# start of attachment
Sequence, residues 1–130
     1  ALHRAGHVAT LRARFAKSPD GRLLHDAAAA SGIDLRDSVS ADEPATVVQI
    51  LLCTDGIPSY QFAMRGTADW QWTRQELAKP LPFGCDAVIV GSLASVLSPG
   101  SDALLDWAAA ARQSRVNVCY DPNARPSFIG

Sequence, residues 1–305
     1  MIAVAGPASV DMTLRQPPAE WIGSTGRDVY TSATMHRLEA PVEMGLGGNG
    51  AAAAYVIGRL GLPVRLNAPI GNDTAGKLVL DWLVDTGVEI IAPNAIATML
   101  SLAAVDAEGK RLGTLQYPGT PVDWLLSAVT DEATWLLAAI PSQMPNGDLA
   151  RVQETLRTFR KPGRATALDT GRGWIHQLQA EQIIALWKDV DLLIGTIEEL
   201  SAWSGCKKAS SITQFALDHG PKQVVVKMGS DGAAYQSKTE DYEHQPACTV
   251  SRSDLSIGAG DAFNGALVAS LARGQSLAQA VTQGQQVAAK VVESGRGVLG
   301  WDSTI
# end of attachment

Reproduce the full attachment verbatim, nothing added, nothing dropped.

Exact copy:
Sequence, residues 1–130
     1  ALHRAGHVAT LRARFAKSPD GRLLHDAAAA SGIDLRDSVS ADEPATVVQI
    51  LLCTDGIPSY QFAMRGTADW QWTRQELAKP LPFGCDAVIV GSLASVLSPG
   101  SDALLDWAAA ARQSRVNVCY DPNARPSFIG

Sequence, residues 1–305
     1  MIAVAGPASV DMTLRQPPAE WIGSTGRDVY TSATMHRLEA PVEMGLGGNG
    51  AAAAYVIGRL GLPVRLNAPI GNDTAGKLVL DWLVDTGVEI IAPNAIATML
   101  SLAAVDAEGK RLGTLQYPGT PVDWLLSAVT DEATWLLAAI PSQMPNGDLA
   151  RVQETLRTFR KPGRATALDT GRGWIHQLQA EQIIALWKDV DLLIGTIEEL
   201  SAWSGCKKAS SITQFALDHG PKQVVVKMGS DGAAYQSKTE DYEHQPACTV
   251  SRSDLSIGAG DAFNGALVAS LARGQSLAQA VTQGQQVAAK VVESGRGVLG
   301  WDSTI